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GIMX stands for Game Input MultipleXer or Game Input MatriX. The purpose of this free software is to control a video game console with a computer (e.g. a PC or a Raspberry Pi). It works with the PS3, the Xbox 360, the PS4 and the Xbox One.
It operates:
¤ over bluetooth: works with GNU/Linux (PS3, PS4) only. A compatible bluetooth dongle is required.
¤ over usb: works with GNU/Linux and Windows (PS3, PS4, 360, XOne). A USB adapter is required.
The application gets data from the peripherals (mice, keyboards and joysticks) and sends controls to the game console over bluetooth or usb. Other controls such as gesture or voice are possible through the use of external software that emulate peripherals.

GIMX donation campaign.

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GIMX 6.2

This is a bug fix release that also contains a tweak to address performance issues on Raspbian.

More info on the forum: link.

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GIMX 6.1

This is a bug fix release.

More info on the forum: link.

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GIMX 6.0

This release has the following improvements:

  • Support for the new Dualshock 4 (VID = 0x054c, PID = 0x09cc).
  • Force feedback improvements for Formula Force, Formula Force GP, and Driving Force Logitech wheels: spring and damper effects are now supported.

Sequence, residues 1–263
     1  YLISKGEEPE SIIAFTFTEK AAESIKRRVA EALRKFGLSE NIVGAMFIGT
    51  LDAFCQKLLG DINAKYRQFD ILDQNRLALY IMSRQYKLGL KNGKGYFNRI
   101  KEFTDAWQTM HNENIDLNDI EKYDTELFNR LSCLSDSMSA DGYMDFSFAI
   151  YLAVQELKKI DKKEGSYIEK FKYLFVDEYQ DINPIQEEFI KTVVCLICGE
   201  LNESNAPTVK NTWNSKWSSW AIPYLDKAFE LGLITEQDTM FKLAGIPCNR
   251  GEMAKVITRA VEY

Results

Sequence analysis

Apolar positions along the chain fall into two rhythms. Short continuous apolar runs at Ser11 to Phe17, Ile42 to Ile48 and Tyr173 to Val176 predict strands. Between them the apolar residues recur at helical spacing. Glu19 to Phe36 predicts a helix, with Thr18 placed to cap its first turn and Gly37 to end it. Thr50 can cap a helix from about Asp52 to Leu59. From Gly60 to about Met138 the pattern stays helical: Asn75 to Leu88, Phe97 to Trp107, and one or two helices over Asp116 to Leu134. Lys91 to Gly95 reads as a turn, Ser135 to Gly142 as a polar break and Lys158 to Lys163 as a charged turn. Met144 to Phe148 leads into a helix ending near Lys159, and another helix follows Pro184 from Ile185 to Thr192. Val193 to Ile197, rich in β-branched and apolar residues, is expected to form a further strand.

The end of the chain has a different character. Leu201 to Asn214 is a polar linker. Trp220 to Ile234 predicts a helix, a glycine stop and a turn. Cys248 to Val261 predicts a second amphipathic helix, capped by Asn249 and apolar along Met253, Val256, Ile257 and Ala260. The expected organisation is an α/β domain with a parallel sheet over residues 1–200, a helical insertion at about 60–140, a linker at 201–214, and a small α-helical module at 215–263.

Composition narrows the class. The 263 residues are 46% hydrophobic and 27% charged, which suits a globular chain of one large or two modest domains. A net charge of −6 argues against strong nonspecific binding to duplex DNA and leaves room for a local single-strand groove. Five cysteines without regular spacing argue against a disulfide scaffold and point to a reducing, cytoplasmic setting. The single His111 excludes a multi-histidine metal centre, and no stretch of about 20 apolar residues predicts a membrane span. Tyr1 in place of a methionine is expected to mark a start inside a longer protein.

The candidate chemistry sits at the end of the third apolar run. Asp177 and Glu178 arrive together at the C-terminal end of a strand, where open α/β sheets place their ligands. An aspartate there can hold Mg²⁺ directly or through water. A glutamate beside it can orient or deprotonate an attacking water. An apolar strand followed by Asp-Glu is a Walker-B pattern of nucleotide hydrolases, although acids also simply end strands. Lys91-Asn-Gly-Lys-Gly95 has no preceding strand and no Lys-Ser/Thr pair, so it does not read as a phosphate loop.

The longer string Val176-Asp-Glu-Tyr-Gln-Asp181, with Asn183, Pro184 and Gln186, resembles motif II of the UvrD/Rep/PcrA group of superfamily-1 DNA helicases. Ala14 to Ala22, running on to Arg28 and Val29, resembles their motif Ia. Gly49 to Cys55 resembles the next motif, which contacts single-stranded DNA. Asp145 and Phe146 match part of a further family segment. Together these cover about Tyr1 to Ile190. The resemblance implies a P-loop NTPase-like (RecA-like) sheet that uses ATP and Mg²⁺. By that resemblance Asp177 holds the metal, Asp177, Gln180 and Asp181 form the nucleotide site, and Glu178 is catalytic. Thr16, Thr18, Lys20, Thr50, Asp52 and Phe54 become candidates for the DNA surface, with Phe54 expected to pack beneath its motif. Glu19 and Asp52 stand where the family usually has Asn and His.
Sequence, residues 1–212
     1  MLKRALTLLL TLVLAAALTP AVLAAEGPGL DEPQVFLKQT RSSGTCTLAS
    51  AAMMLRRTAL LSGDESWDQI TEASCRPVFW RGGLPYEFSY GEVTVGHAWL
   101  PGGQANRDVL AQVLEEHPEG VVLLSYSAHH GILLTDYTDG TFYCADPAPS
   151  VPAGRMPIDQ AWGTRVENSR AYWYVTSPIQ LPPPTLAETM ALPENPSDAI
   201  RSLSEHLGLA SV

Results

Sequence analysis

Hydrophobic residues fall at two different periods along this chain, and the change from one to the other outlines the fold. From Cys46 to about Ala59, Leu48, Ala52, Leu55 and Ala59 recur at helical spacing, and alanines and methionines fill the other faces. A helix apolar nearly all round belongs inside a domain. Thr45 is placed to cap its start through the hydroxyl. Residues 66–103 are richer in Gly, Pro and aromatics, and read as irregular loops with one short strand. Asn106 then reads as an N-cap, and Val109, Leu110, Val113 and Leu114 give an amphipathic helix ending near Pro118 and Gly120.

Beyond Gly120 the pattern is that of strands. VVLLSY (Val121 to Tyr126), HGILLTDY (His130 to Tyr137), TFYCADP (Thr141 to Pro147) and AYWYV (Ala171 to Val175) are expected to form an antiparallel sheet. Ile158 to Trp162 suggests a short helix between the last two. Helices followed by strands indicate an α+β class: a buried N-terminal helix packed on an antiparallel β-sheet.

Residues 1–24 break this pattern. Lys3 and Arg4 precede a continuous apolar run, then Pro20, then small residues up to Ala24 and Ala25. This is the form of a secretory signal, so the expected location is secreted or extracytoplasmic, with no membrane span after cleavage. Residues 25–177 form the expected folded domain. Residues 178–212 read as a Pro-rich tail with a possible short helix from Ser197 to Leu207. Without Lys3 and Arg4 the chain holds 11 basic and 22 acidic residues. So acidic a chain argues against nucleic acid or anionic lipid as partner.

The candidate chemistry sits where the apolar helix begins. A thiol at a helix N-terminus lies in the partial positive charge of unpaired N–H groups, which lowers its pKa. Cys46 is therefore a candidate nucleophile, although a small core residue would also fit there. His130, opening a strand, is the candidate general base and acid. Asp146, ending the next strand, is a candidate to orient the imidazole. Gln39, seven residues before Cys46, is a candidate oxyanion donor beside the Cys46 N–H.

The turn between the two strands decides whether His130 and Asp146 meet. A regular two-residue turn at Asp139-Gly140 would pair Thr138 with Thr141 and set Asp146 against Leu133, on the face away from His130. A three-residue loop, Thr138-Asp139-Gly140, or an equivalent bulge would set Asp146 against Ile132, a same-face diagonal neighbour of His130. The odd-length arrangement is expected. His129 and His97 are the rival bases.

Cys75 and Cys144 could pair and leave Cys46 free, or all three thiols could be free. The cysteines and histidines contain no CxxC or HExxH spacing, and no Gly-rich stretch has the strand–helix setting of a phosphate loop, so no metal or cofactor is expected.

• Force feedback improvements for GT Force, Driving Force, Driving Force Pro emulations (EMUGTFPS2, EMUDFPS2, EMUDFPPS2).
  • Repair tool for Dualshock 4 bluetooth pairing: quick restore of the Dualshock 4 bluetooth pairing.
  • Native Steam Controller support.
  • Force feedback support for non-Logitech wheels: all wheels supporting DirectInput force feedback should be supported on Windows. Sadly on GNU/Linux force feedback support at driver level is very sparse, not to say absent.

Special thanks to:

  • Kekskrümel for donating a Steam Controller and testing the Steam Controller support
  • isamu for making a big donation and testing the force feedback support for non-Logitech wheel

More info on the forum: link.

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GIMX 5.9

This release is the last one in the 5.x series.
It is the last release to be compatible with Ubuntu 14.04 and its derivatives.
The GIMX 6.x series will be compatible with Ubuntu 16.04 and its derivatives (such as Linux Mint 18).

More info on the forum: link.

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TIAO GBoard

Disclaimer: I am not involved in any way in the diygadget.com company. Neither am I involved in the TIAO GBoard manufacturing. If you have issues loading a GIMX firmware on a TIAO GBoard, please ask for help on the TIAO forum first.